A property lawyer who fired off letters to relatives of her husband’s mistress describing the woman’s ‘love of fisting’ is facing the end of her career.
Katherine Simpson, 49, detailed the ‘bizarre sexual practices’ of husband Jonathan, 48, and his former lover’s antics to her brother, sister-in-law and her former partner.
Mrs Simpson described her as a ‘chavvy woman from Southampton’ with ‘fake boobs’ before firing off the letters.
The solicitor, a partner at Pemberton Greenish who was admitted to the roll in 1993, was convicted of stalking alongside her barrister husband following a trial at Southwark Crown Court last June.
She was handed a curfew and a restraining order after being described as more of a ‘victim’ due to the affair.
Mr Simpson was given six months in jail suspended for a year, along with a year-long restraining order and a mental health treatment requirement.
Mrs Simpson is facing a misconduct hearing before the Solicitors’ Disciplinary Tribunal in central London.
She appeared in all black and dabbed at her eyes with a tissue as the case was formally opened.
Andrew Bullock, for the Solicitors Regulation Authority, said: ‘The allegations relate to a course of conduct extending between 1 January 2015 and 10 March 2015.
‘She was sentenced for the offence on 20 June 2016 and made subject to a restraining order and also made subject to a curfew.
‘What had happened, in essence, was that Mrs Simpson’s husband had an affair which has ended and he has persisted in contacting the other woman, resulting in a restraining order being made against him.
‘What Mrs Simpson is doing is contacting third parties associated with the other woman in the hope of desisting the other woman from making a complaint that her husband has breached the restraining order.’
Mr Bullock told the tribunal that ‘the trial and her behaviour has attracted extensive publicity and that publicity has referred to her status as a solicitor.’
He also read from one of the letters Mrs Simpson sent to an associate of the woman, which read: ‘She must have known that, as a lawyer, I would take this matter in my own hands.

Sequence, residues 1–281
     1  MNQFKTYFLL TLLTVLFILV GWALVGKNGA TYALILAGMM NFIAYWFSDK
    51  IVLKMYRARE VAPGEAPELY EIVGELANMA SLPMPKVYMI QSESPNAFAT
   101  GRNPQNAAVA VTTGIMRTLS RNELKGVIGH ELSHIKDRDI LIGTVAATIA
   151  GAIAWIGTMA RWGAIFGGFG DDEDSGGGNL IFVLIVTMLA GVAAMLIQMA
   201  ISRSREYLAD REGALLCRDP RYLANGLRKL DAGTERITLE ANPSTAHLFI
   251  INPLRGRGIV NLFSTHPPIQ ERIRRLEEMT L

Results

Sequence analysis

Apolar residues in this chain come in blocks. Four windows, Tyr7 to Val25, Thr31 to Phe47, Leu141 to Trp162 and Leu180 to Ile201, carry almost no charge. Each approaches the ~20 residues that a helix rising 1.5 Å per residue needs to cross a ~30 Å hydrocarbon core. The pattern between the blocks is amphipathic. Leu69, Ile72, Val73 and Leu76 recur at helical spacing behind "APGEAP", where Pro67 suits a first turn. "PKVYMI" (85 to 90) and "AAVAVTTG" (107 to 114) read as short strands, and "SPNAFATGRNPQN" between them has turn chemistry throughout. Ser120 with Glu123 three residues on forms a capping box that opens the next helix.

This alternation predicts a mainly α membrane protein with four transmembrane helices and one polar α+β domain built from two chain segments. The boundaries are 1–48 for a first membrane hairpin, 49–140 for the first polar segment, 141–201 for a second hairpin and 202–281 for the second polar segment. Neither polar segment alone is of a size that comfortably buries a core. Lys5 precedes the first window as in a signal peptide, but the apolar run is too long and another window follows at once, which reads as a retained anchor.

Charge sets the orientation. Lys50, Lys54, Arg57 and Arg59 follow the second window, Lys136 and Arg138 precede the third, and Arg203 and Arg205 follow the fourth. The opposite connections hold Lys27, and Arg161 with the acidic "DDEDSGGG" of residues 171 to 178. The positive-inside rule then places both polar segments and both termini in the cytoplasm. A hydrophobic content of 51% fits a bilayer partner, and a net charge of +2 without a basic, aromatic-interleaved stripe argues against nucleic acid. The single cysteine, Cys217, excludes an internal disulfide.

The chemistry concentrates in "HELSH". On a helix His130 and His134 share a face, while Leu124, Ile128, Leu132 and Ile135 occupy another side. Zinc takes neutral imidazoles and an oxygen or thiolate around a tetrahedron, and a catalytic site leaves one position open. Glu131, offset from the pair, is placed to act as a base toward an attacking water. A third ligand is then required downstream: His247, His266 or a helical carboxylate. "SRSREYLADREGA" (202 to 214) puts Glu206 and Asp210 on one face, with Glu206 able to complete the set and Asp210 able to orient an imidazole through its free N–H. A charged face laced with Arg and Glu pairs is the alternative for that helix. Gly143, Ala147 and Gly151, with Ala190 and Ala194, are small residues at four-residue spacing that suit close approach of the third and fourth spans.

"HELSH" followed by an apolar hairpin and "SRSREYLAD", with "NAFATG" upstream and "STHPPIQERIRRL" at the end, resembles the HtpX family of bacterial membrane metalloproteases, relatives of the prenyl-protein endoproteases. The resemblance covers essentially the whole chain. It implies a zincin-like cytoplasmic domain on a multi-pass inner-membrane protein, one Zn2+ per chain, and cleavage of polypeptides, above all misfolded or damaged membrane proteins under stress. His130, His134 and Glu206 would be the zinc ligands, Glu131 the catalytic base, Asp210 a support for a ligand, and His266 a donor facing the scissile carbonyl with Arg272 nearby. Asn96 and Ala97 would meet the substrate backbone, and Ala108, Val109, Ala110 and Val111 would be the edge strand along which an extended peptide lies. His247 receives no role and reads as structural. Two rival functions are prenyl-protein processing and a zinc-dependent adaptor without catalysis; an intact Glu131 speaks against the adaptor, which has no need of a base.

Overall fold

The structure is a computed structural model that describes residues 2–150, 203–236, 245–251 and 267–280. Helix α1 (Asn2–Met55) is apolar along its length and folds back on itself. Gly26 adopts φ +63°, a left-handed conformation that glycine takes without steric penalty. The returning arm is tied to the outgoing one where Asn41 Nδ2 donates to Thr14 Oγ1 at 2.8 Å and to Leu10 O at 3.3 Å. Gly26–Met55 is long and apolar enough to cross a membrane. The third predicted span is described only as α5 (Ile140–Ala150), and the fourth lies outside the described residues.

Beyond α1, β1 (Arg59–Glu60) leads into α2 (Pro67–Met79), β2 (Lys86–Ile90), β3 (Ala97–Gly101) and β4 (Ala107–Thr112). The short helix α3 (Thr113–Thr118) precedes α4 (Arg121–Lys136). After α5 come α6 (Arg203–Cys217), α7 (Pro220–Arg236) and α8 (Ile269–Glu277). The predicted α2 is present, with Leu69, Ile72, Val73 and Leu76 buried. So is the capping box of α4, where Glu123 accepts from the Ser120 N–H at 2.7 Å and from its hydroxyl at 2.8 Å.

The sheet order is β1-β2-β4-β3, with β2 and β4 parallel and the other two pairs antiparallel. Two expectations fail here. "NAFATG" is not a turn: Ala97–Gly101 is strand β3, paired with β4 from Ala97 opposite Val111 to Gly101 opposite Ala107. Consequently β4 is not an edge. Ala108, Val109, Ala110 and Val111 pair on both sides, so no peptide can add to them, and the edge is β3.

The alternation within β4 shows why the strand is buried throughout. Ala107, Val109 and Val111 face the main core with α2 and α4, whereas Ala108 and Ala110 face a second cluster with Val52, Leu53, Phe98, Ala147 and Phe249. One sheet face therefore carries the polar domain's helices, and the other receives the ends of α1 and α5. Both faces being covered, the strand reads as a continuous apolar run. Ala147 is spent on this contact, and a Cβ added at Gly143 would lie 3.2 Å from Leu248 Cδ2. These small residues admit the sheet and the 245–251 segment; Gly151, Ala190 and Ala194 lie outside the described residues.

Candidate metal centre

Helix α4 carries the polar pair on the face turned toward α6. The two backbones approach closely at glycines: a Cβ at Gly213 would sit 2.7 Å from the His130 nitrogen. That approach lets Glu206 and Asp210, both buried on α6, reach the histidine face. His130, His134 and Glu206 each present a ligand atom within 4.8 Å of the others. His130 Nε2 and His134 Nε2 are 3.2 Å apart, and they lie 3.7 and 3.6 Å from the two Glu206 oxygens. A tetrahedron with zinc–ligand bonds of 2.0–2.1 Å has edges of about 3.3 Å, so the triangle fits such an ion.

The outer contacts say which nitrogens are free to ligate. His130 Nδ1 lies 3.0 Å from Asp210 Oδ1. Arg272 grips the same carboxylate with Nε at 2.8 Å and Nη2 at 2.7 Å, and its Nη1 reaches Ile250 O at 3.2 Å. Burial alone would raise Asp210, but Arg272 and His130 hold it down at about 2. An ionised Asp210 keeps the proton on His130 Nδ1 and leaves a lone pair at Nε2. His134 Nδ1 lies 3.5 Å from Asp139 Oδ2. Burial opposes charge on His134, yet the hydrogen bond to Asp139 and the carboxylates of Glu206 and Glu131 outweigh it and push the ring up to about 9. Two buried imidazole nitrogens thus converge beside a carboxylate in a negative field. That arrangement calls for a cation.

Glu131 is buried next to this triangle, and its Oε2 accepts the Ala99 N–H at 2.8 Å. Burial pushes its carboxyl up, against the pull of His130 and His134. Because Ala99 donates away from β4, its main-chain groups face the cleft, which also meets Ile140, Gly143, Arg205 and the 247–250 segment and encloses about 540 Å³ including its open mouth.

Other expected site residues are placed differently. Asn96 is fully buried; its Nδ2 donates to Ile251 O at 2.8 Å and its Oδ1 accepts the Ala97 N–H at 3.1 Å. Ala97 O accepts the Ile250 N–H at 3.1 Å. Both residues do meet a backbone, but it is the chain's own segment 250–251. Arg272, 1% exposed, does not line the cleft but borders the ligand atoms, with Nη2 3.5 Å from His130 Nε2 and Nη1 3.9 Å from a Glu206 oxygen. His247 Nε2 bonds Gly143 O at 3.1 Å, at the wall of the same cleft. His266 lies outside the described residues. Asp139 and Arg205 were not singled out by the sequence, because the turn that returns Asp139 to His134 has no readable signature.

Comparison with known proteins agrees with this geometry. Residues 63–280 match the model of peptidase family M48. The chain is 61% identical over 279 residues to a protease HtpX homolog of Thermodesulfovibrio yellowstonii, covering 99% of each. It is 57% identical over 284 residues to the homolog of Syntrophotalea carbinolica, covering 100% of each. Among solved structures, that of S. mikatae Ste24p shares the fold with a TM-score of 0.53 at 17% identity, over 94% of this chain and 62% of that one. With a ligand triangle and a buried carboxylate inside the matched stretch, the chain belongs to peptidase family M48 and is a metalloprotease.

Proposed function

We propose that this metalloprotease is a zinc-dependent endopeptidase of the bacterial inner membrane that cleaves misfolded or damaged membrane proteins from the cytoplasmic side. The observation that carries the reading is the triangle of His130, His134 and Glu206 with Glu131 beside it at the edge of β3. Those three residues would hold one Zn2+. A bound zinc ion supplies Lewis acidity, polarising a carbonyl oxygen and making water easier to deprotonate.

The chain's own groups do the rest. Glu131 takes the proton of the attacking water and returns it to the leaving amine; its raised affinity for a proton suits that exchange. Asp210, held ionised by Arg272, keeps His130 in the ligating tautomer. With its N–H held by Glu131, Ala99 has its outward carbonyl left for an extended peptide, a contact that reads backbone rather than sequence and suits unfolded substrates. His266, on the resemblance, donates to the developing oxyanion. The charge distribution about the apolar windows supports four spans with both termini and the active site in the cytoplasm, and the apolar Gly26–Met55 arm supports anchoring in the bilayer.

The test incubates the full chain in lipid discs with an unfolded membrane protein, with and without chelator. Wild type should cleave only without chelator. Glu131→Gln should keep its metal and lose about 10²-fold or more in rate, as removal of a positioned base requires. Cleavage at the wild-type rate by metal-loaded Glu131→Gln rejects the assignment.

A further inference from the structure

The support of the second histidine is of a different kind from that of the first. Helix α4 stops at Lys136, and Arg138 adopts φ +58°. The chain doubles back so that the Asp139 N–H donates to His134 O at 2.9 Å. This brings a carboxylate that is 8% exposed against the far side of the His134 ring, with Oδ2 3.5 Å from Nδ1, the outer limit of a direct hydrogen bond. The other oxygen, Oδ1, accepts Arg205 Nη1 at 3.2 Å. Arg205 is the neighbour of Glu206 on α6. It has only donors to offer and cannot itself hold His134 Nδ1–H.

‘I am not impetuous like my husband. I strike at the right moment.’
Mr Bullock said: ‘You may think that the fact that Mrs Simpson was deploying her status as a lawyer in one of the letters which ultimately led to her conviction is a matter relevant to your deliberations.’
He added that her conviction was for ‘disreputable conduct in the most literal sense of the word and conduct that, moreover, which was apt to make her look ridiculous in the eyes of the world at large.’
Mr Bullock added that she was ‘well known in the field of leaseholding and enfranchisement.’
Mr Simpson was sending his mistress flowers after being told by police not to contact her while his wife was ringing her to shout ‘c***’ down the phone repeatedly.
After the affair ended abruptly, he attempted to contact the woman and was given a harassment notice and restraining order after trying to call from a pay phone.
Mrs Simpson then sent graphic letters to the woman’s family as part of a ‘fact-finding mission’ in order to ‘see an end to the restraining order’.
The letters claimed the woman had ‘scooped sperm’ from the kitchen floor to try and get pregnant after sex with Mr Simpson and said her ‘orifices were penetrated without protection.’
Mrs Simpson explicitly wrote that she wanted the woman to drop the restraining order and that she ‘stay out of Winchester’.
‘If she agrees or chooses to meet these requests she will find all her problems over,’ the letter added.
In a rant covertly recorded by police, Mrs Simpson described her as a ‘chavvy woman from Southampton’ with ‘fake boobs’ and labelled her boyfriend a ‘thug’ who should be kept in a cage.
In the footage, Mrs Simpson could be heard saying: ‘This woman is a chavvy woman from Southampton with fake boobs – we shouldn’t be mixing with people like that.
‘Lying to the police is something we do not do, certainly not in our echelon of society.’
Passing sentence, Judge Alistair McCreath said: ‘You did it, I accept, because you were worried that he would be the subject of complaints in respect of the restraining order and you sought to protect him and to support him.
‘But what you did was utterly misguided.’
Mrs Simpson described herself as ‘more victim than offender’ and claimed she had endured an ’18-month period of living hell’.
Mrs Simpson, of (9) Clifton Terrace, Winchester, Hampshire, has admitted professional misconduct.